FDA Warns of Cybersecurity Vulnerabilities in Certain DNA Sequencing Devices

Several models of Illumina DNA sequencing devices have cybersecurity flaws that could allow hackers to access patient information, warns FDA

Federal health officials are warning medical facilities that certain diagnostic DNA sequencing devices contain software vulnerabilities, which could make them susceptible to cybersecurity hacks.

The U.S. Food and Drug Administration (FDA) and the Cybersecurity & Infrastructure Security Agency (CIS) issued a medical device cybersecurity warning on April 27, indicating that certain DNA sequencing devices manufactured by Illumina have software security flaws that could allow hackers to control the devices and access private patient information remotely.

Cybersecurity threats in the medical field have been a growing concern over the last few years, as vulnerabilities to healthcare organizations’ record systems and medical devices have surfaced. Since 2014, the U.S. Department of Homeland Security (DHS) has investigated dozens of suspected cybersecurity flaws in medical devices and hospital equipment.

Critical-Rated Software Flaw Could Destroy Patient Test Results

In the latest warning, FDA officials identified vulnerabilities in Illumina’s iScan, iSeq, Miniseq, MiSeq, MiSeqDx, NextSeq, and NovaSeq diagnostic DNA sequencing devices. The devices are used in a clinical diagnostic setting for research purposes, or to screen patients for various genetic disorders.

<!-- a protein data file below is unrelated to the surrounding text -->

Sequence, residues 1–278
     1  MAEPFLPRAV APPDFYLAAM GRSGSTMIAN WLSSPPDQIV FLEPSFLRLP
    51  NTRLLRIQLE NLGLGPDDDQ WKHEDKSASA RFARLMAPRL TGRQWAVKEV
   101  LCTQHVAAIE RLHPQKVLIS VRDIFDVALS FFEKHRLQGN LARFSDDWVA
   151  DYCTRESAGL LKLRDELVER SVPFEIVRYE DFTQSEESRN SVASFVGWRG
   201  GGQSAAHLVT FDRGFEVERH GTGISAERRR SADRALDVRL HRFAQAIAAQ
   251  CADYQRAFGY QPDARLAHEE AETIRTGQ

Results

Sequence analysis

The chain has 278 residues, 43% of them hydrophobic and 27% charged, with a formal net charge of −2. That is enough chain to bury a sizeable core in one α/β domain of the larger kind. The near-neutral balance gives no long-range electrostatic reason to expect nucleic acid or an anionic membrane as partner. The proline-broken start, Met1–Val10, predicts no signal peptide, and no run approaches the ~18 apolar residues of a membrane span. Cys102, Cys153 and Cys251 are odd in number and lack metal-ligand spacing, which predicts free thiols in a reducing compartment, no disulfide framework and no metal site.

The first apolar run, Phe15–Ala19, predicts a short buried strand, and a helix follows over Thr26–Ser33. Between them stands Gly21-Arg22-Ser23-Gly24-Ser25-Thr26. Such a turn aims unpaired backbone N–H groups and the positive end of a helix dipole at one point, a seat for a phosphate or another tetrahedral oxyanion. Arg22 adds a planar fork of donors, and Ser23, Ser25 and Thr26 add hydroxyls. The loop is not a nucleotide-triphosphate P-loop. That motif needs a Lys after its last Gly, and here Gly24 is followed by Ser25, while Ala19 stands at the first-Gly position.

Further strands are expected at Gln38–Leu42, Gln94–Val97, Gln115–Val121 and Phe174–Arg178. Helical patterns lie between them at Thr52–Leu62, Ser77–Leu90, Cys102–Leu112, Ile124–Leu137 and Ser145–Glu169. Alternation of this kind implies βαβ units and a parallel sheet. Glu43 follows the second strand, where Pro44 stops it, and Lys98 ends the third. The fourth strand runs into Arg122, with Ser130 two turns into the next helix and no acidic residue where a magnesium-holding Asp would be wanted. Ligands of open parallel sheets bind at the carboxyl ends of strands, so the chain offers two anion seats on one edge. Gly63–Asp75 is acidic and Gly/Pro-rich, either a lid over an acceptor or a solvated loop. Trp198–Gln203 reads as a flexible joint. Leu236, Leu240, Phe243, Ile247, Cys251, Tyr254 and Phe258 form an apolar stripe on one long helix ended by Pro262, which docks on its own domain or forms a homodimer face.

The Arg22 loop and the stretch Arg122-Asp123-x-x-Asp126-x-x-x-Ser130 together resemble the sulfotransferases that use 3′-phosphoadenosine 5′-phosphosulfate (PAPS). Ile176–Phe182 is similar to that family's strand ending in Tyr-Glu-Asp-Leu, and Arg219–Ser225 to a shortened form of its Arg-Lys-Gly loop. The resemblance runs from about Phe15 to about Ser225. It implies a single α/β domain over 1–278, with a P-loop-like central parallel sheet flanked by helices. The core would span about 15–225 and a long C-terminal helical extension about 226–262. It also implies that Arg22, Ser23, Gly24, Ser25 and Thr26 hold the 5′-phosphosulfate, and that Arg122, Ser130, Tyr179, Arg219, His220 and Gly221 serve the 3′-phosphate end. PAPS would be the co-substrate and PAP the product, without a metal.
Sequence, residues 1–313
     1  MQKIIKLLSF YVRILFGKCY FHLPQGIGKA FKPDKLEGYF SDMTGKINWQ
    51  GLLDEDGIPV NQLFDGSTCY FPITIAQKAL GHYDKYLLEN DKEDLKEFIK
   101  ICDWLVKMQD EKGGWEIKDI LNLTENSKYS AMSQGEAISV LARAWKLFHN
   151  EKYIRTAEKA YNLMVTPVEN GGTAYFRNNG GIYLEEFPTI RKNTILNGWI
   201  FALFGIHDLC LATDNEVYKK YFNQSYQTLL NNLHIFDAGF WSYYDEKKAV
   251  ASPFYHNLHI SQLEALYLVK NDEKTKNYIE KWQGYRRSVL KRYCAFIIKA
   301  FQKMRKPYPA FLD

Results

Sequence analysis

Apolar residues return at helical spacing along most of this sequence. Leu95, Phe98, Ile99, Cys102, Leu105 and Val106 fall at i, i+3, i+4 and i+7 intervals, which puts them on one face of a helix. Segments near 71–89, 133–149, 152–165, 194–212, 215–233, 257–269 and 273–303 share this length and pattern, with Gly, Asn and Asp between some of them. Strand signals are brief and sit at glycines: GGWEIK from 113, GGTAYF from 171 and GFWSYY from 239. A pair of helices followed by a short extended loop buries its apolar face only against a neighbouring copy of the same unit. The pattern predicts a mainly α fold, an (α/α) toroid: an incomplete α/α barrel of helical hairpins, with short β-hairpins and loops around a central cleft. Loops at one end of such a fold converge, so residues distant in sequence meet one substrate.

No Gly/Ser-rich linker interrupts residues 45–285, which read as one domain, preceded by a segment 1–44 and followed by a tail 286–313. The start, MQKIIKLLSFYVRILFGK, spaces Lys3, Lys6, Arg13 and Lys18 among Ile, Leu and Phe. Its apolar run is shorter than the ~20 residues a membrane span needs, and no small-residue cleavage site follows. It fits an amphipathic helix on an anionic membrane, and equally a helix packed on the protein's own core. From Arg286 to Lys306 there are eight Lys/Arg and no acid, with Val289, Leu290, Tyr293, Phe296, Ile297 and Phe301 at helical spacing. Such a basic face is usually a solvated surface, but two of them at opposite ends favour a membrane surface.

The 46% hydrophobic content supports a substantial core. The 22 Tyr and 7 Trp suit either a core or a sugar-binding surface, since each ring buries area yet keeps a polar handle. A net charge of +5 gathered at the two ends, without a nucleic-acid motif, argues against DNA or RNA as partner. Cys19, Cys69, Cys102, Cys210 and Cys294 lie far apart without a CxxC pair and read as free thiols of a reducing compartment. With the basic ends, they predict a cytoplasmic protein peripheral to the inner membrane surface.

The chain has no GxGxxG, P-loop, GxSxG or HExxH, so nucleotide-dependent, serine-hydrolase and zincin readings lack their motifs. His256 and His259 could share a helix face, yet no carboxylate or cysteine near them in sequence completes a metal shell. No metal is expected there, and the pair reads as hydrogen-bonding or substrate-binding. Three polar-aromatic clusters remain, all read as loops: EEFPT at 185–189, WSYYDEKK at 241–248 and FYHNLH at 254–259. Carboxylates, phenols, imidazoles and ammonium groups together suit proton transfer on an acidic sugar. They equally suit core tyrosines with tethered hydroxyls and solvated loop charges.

The warning outlines two cybersecurity vulnerabilities related to the devices, which if exploited, could allow hackers to take control of the devices remotely, alter network settings and configurations, and run harmful code that allows access to sensitive patient data.

The first security flaw being tracked is titled CVE-2023-1968. The flaw was given the maximum vulnerability rating of 10 out of 10, making it a “critical” threat to patients. The flaw allows hackers to potentially access the devices online without a password, which could allow a bad actor to alter or delete DNA sequencing device test results.

The second security flaw being tracked is CVE-2023-1966, which was given a vulnerability severity rating of 7.4 out of 10. This flaw could allow hackers to upload and run their own malicious code designed to alter network setting configurations on the devices. Officials warned this could allow hackers to obtain private patient data.

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While neither the FDA nor Illumina have received any reports of hackers exploiting the cybersecurity vulnerabilities,  Illumina has issued a software patch to strengthen network security on its affected DNA sequencing devices. It also sent notifications to potentially affected customers, advising them to check their products for signs of potential unauthorized activity.

The FDA is also urging healthcare providers and clinical laboratory personnel to download the manufacturer’s software patch immediately and report any suspected hacking activity on their devices to federal officials.

Dozens of Other Medical Device Security Flaws Identified

The FDA and other federal security agencies, such as the Department of Homeland Security (DHS), have issued warnings on at least two dozen similar medical device and hospital equipment cybersecurity flaws since 2014.

Last year the FDA released a warning on a potentially deadly cybersecurity problem with the Medtronic MiniMed 600 insulin pump. The flaw allowed for an unauthorized users to deliver fatal insulin doses to diabetic patients using the devices. This cybersecurity failure, along with a series of recalls, led to several wrongful death lawsuits filed on behalf of patients who suffered serious injury or death as a result of the Medtronic MiniMed product malfunction.


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